New Mexico is becoming the latest state to be freed from the No Child Left Behind grading system. As KRWG’s Vanessa Dabovich reports the state may be free of the federal system, but the recently implemented state A to F grading system left Las Cruces schools with less than stellar marks.
The Public Education Department recently implemented an A to F grading system to replace the federal rating system. The grades are based on standardized tests taken by students and on year-to-year growth of student performance in reading and mathematics. Other factors include the high school graduation rate.
Nearly 46 percent of Las Cruces Public Schools received D grades, 32 percent received C’s, 10 percent B’s and 5 percent received A’s.
LCPS Superintendent Stan Rounds says the grading process is built on a model of what students are expected to learn within a year’s time. It mediates to determine the correct pacing in the classroom. Rounds says if you meet the requirements it’s typical to receive a C. The B’s and A’s are obtained by going beyond the standard pace.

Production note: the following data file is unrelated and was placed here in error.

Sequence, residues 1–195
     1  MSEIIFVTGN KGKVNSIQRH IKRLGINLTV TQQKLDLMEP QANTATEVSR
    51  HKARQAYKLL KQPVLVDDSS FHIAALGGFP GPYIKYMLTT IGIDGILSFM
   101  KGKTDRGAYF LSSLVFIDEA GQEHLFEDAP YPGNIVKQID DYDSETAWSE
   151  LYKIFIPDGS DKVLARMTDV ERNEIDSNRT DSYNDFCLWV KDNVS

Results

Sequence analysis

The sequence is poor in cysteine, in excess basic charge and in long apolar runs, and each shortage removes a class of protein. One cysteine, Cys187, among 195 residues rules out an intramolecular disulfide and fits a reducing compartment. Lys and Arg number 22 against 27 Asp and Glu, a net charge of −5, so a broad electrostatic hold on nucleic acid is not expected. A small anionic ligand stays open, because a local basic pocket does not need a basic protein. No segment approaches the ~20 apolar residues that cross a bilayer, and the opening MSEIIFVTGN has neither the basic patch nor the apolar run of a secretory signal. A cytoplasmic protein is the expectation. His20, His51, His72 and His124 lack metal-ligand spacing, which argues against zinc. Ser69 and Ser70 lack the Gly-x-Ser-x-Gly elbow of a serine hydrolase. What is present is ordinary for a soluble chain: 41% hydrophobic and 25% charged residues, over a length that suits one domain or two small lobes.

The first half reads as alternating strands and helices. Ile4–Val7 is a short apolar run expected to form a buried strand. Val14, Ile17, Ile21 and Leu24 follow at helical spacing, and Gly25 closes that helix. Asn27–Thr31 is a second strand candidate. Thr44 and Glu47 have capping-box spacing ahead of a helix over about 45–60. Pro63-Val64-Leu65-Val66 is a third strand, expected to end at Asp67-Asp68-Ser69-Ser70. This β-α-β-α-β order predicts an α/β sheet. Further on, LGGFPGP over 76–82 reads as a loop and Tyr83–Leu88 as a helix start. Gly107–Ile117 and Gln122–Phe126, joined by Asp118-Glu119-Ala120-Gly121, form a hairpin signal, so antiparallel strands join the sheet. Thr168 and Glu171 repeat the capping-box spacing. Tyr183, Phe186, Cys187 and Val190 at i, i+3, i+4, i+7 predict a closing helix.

Rounds-“ My suspicion is that if a student was approaching a years’ worth of learning over a year and they weren’t in one of those two target zones we tended to think that was ok. That’s not an excuse in fact that’s a pretty good wake up call for us. We have to look at every child’s progress and not become complacent because they are doing ok.”
One area LCPS did outrank the state in was average attendance. All schools had a 95 percent attendance rate with some as high as 97 percent.
To hear the full interview with Superintendant Stan Rounds as well as news on the latino achievement gap, tune into Fronteras: A Changing America Saturday at 5 on KRWG.